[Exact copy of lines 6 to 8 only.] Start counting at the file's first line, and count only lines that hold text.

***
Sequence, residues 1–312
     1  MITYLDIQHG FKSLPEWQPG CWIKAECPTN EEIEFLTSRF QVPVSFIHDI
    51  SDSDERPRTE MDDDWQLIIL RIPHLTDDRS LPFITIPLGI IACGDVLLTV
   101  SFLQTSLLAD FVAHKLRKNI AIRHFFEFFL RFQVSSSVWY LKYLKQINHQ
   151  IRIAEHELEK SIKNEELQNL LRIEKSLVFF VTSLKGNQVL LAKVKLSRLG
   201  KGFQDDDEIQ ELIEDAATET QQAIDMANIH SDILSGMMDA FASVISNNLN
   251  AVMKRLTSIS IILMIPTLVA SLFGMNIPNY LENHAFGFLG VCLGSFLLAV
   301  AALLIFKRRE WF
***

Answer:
   201  KGFQDDDEIQ ELIEDAATET QQAIDMANIH SDILSGMMDA FASVISNNLN
   251  AVMKRLTSIS IILMIPTLVA SLFGMNIPNY LENHAFGFLG VCLGSFLLAV
   301  AALLIFKRRE WF